Early childhood education interventions can improve children’s development and act as a protective factor against the future onset of adult disease and disability.[3] ECE can counteract the disadvantage some children experience, improve their social and cognitive development, and provide them with an equal opportunity to achieve school readiness, and lifelong employment, income, and health.[2, 3] Systematic reviews of studies examining the effects of ECE programs, found that they were associated with

  • Improved cognitive development[2, 19, 20]
  • Improved emotional development[2]
  • Improved self-regulation[2]
  • Improved academic achievement[2]

Additional longer-term benefits included:

  • Reduction in teen birth rates[2]
  • Reduction in crime rates[2]

Additional studies have found that ECE is associated with other positive health effects, including healthier weight (such as fewer underweight, overweight, and obese children)[21] and reduced child maltreatment[22].

Cost analyses of different types of ECE found that they are associated with positive benefits-to-cost ratios.[2] Benefit-cost analyses conducted by the Washington State Institute for Public Policy resulted in the following benefit-to-cost ratio estimates: [23]

  • State and district early childhood education programs: $5.19:1 [24]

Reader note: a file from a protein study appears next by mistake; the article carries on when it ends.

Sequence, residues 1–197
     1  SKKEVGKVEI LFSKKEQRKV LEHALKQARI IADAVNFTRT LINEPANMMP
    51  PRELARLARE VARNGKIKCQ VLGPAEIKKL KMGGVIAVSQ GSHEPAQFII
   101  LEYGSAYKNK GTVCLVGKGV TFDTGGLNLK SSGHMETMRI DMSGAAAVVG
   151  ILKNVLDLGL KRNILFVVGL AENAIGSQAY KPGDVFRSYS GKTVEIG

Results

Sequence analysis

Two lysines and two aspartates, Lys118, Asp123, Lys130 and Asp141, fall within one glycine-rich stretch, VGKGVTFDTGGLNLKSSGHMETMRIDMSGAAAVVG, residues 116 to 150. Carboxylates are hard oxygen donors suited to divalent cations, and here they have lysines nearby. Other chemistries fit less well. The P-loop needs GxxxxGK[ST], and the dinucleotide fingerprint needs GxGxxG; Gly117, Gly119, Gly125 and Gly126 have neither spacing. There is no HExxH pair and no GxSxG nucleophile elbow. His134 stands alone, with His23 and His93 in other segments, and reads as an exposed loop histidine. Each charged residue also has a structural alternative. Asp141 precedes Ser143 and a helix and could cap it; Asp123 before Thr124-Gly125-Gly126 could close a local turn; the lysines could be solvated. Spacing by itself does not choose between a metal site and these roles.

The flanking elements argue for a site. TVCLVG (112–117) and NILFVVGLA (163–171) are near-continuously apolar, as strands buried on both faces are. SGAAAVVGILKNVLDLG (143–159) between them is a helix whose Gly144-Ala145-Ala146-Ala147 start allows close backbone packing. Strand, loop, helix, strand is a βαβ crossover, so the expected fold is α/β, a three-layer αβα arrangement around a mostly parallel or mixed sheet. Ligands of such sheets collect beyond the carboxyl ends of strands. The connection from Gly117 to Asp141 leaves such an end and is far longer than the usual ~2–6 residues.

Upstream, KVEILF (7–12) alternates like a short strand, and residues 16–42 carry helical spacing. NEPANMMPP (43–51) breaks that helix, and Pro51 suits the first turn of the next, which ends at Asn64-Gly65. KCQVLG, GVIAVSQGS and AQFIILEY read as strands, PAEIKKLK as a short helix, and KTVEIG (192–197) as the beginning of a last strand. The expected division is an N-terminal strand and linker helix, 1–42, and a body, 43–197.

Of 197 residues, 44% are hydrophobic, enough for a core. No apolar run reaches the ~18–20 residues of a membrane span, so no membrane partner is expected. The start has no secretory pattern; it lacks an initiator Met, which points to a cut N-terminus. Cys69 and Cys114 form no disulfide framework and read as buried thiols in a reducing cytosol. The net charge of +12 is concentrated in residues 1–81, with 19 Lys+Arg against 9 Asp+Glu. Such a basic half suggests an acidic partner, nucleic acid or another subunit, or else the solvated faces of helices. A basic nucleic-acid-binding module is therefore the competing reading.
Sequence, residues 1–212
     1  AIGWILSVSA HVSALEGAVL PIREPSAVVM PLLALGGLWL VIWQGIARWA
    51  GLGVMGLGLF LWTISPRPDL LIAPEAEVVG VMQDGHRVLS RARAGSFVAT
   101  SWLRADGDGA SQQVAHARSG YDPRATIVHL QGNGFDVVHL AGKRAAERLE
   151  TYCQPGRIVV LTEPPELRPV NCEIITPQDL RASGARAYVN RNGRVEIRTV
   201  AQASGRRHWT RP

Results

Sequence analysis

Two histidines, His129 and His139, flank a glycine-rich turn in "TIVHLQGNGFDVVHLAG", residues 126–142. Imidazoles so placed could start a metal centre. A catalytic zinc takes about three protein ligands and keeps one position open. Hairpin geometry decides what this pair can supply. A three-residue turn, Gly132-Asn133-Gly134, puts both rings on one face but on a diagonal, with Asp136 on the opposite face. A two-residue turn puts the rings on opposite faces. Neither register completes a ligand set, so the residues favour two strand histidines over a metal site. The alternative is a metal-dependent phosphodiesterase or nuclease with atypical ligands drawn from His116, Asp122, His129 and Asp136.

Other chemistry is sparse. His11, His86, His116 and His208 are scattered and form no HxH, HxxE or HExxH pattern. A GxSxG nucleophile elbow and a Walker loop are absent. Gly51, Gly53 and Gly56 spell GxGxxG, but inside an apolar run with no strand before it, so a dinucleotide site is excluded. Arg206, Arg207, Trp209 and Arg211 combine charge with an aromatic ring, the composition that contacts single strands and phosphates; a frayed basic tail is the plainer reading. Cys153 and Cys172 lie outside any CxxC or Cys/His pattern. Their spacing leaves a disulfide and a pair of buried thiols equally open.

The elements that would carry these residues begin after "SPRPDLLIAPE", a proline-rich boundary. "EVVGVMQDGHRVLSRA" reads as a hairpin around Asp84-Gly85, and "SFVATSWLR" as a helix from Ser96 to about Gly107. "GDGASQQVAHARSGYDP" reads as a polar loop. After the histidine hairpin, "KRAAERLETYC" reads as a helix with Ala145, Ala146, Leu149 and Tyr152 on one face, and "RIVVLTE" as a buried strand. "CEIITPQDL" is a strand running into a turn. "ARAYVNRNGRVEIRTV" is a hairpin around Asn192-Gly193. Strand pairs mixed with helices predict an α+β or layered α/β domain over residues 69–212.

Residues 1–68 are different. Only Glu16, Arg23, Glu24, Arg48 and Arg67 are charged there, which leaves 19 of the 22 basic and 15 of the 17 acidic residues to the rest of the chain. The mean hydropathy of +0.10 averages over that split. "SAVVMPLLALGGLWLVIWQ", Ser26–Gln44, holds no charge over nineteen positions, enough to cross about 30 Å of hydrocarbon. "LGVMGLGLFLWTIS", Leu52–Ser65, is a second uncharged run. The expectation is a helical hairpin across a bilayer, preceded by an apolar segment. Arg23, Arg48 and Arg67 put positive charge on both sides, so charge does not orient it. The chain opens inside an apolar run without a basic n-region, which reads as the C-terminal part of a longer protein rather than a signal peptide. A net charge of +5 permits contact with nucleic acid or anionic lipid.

• Head Start: Benefits to cost ratio $3.09:1. [25]

A review of additional analyses examining the benefit-cost ratios of model ECE programs found that they too were associated with positive benefit-to-cost ratios:

  • Child-Parent Centers: $5:1 [26]
  • Perry Preschool: $5:1 [26]
  • Abecedarian Project: $3:1. [26]

ECE benefit estimates, both short- and long-term, included some or all of the following major components:

  • Increases in maternal employment and income[2]
  • Reductions in crime, welfare dependency, and child abuse and neglect[2, 27]
  • Savings in remedial education and child care costs[2]
  • Improvement in health outcomes associated with education[2]
  • Earnings gains associated with high school graduation[2, 27]

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  1. Blackman JA. Early intervention: a global perspective. Infants & Young Children 2002;15(2):11-19.
  2. Community Preventive Services Task Force. Promoting health equity through education programs and policies: center-based early childhood education. 2015. Available from: Promoting Health Equity Through Education Programs and Policies: Center-Based Early Childhood Education. Accessed 2015 November 30.
  3. Halfon N, Hochstein M. Life course health development: an integrated framework for developing health, policy, and research. Milbank Q 2002;80(3):433-79.
  4. Anderson LM, Shinn C, Fullilove MT, et al., The effectiveness of early childhood development programs: a systematic review. American J Prev Med 2003;24(3):32-46.
  5. Robert Wood Johnson Foundation, University of Wisconsin Population Health Institute. County health rankings & roadmaps: universal pre-kindergarten. 2015. Available from: Universal pre-kindergarten. Accessed 2016 March 7.
  6. Barnett WS, Friedman-Krauss AH, Gomez RE, et al. The state of preschool 2015: State preschool yearbook. Rutgers (NJ): Rutgers Graduate School of Education, National Institute for Early Education Research; 2016. Available from: The State of Preschool Yearbook 2015. Accessed 18 June 2017.
  7. Campbell FA, Ramey CT, Pungello E, Sparling J, Miller-Johnson J. Early childhood education: young adult outcomes from the Abecedarian Project. Applied Developmental Science 2002;6(1): 42-57.